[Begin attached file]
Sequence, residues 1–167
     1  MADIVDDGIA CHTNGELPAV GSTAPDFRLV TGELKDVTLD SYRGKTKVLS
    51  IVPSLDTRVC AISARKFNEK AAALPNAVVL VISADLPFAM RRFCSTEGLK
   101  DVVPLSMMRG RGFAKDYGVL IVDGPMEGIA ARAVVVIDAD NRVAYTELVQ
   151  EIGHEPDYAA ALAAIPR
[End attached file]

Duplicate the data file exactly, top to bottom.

Sequence, residues 1–167
     1  MADIVDDGIA CHTNGELPAV GSTAPDFRLV TGELKDVTLD SYRGKTKVLS
    51  IVPSLDTRVC AISARKFNEK AAALPNAVVL VISADLPFAM RRFCSTEGLK
   101  DVVPLSMMRG RGFAKDYGVL IVDGPMEGIA ARAVVVIDAD NRVAYTELVQ
   151  EIGHEPDYAA ALAAIPR